Full pink moon rises this weekend: What to know
The first full moon of spring will shine this weekend, but don’t let its name fool you.
April’s full moon is known as the pink moon - named for the pink wildflowers that bloom in early spring in eastern North America, according to the Farmer’s Almanac. It's also linked to several major religious holidays, including Easter.
When to watch the 2022 full pink moon
The pink moon will light up by 3 p.m. Eastern Saturday, but you won’t be able to see it until after sunset. Sunset times depend on where you live; check your local forecast for sunset times. NASA says the moon will appear full for three days, from early Friday morning through early Monday morning.
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It won’t be a supermoon like it was for the past two years. Supermoons happen when the moon is full and its orbit is closest to Earth, making the moon appear slightly larger and more vivid.
The Pink Supermoon of April 2021 as seen from the Dutch city, Eindhoven, The Netherlands on April 26, 2021. (Photo by Nicolas Economou/NurPhoto via Getty Images)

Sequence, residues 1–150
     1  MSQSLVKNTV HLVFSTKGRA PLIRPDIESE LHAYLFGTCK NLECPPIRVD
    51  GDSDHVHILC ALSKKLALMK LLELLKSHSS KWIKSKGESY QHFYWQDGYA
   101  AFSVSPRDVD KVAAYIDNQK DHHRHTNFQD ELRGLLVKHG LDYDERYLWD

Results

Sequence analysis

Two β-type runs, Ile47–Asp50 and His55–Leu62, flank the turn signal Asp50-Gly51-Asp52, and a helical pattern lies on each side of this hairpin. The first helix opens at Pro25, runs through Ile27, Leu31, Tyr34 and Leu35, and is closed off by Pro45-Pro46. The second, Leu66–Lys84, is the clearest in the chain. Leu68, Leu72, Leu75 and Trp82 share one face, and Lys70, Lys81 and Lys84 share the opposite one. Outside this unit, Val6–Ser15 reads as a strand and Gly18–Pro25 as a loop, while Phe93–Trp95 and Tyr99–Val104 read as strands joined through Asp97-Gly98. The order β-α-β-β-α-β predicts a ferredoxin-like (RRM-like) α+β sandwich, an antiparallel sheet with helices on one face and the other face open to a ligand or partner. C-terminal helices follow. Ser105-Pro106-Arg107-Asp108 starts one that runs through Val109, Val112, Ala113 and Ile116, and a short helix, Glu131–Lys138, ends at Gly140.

For the best views, the almanac suggests you find an open area at the time of moonrise, when the moon emerges above the horizon. That’s when it will look its biggest and brightest.
A moon with many names
This weekend’s moon is also the Paschal full moon for the Christian ecclesiastical calendar, or the moon cycle that determines when Easter will fall each year.
According to NASA, Paschal is a Latin version of the word Pesach, better known as Passover, a major Jewish holiday. This weekend’s moon - a moon with many names - is known as the Pesach full moon on the Jewish calendar to mark the start of Passover at sundown Friday, April 15.
For the Christian calendar, Easter falls on the first Sunday following the first spring full moon, or the first full moon to rise after the spring (vernal) equinox. This year it’s April 17th, but Easter can be as early as March 22 or as late as April 25 every year, depending on lunar cycles.
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In Hinduism, this full moon is tied to Hanuman Jayanti, the celebration of the birth of Lord Hanuman.
For Buddhists, especially in Sri Lanka, NASA says this full moon is known as Bak Poya, to commemorate when the Buddha visited Sri Lanka and helped settle a dispute to avoid war.
May’s full moon will be a total lunar eclipse
Next month’s full moon, known as the "full flower moon," will also coincide with a total lunar eclipse. This happens when the moon fully enters Earth’s shadow, blocking much of the sun from lighting up the moon. The sun that does get through Earth’s atmosphere during the eclipse is what makes it appear red when you look up at the sky.
The eclipse will start the night of May 15 and peak just after midnight Monday, May 16.